Enforcement activity at the FDA has dropped sharply over the past 5 years. Congressional leaders are warning that the agency's lackluster efforts to police the nation's drug supply represent a "prescription for harm" to the American public.
In a blistering report released by House Government Reform Committee member Rep Henry Waxman (D, Calif), congressional investigators charged that the number of seizures of mislabeled, defective, and dangerous products has declined by 44% since 2000, while the number of warning letters sent out to drug manufacturers and other FDA-regulated firms has plunged by >50% to a new 15-year low.
Worse yet, Waxman charged that "FDA headquarters officials have routinely rejected the enforcement recommendations of career field staff" and failed to take the recommended enforcement actions "in at least 138 cases over the last 5 years involving drugs and biological" products.
Outside experts contacted by the congressional investigators expressed serious concerns about the refusal of FDA headquarters to follow through on the enforcement problems uncovered in the field. Michael Wilkes, MD, PhD, of the University of California, Davis, School of Medicine said that the agency has "systematically ignored district field officers and regularly overridden their explicit and well-documented concerns about drug safety and public health."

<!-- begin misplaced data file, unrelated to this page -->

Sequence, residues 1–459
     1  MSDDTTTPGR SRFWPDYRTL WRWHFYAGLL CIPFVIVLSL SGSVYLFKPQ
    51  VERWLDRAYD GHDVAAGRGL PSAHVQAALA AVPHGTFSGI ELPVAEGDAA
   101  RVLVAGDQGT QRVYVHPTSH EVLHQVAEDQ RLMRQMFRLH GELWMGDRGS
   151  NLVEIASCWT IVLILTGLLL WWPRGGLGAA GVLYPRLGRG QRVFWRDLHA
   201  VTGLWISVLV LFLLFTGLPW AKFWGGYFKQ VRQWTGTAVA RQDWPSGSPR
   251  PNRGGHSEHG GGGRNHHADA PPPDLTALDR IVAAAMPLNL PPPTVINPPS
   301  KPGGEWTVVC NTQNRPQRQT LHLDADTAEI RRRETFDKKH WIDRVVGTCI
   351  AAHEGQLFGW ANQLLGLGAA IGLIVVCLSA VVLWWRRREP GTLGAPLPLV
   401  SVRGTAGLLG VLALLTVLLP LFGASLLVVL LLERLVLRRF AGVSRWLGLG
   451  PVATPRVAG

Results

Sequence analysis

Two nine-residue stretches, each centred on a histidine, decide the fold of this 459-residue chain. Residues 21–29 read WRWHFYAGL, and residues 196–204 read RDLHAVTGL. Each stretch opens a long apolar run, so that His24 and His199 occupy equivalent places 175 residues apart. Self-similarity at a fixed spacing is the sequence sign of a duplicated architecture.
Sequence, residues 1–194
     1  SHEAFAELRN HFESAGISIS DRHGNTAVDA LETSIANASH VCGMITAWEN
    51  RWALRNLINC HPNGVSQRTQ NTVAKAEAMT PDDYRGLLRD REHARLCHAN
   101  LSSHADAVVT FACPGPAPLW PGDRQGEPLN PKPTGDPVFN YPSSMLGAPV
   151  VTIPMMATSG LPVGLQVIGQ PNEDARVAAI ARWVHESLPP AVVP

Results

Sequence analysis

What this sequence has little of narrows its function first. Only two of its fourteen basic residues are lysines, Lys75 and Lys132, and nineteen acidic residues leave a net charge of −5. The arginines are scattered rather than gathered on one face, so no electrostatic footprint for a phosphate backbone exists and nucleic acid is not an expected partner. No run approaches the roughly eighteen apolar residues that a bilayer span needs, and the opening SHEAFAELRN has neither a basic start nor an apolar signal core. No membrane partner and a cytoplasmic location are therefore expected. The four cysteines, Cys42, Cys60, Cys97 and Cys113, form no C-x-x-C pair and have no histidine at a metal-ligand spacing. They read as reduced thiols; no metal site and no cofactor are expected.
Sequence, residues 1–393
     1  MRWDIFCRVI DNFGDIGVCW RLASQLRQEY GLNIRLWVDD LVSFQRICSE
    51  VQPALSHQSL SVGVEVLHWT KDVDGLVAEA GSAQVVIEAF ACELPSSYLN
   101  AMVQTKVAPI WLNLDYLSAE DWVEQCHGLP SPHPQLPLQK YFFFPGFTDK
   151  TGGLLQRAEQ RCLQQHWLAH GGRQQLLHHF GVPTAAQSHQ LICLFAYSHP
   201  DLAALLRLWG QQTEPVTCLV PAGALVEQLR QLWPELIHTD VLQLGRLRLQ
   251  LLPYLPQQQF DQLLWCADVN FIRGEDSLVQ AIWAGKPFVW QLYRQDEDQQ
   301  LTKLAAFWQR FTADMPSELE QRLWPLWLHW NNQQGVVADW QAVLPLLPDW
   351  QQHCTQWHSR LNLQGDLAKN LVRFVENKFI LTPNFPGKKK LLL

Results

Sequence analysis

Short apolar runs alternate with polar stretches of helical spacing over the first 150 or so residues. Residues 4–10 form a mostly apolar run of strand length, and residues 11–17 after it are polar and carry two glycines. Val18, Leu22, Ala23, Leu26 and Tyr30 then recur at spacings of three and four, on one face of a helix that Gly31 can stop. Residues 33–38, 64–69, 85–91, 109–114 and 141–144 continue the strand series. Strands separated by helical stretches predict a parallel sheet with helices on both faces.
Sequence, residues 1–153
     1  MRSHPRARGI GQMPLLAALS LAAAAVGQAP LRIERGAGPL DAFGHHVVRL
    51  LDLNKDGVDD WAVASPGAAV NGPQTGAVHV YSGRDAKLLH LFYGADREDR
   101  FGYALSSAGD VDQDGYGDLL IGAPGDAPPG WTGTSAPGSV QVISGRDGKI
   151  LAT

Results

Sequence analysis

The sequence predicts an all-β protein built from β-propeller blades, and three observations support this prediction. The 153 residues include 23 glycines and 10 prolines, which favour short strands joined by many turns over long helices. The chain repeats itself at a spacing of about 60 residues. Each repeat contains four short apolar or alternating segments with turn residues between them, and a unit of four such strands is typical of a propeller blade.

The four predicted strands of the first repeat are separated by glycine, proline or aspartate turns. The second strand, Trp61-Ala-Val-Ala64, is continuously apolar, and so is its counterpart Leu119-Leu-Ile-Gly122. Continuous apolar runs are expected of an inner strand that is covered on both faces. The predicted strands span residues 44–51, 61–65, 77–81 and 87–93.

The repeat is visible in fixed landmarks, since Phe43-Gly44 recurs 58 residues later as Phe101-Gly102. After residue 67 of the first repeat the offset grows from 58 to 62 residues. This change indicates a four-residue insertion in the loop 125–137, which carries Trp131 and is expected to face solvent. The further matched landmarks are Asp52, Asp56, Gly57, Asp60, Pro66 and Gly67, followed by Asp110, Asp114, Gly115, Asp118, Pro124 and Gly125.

Waxman's investigators said their findings reveal that "FDA's enforcement efforts have been significantly compromised," and that "the number of enforcement actions taken by FDA has declined precipitously."
One study linked multiple pregnancies to an increased risk of developing atrial fibrillation later in life, and another investigated the association between premature delivery and cardiovascular disease.
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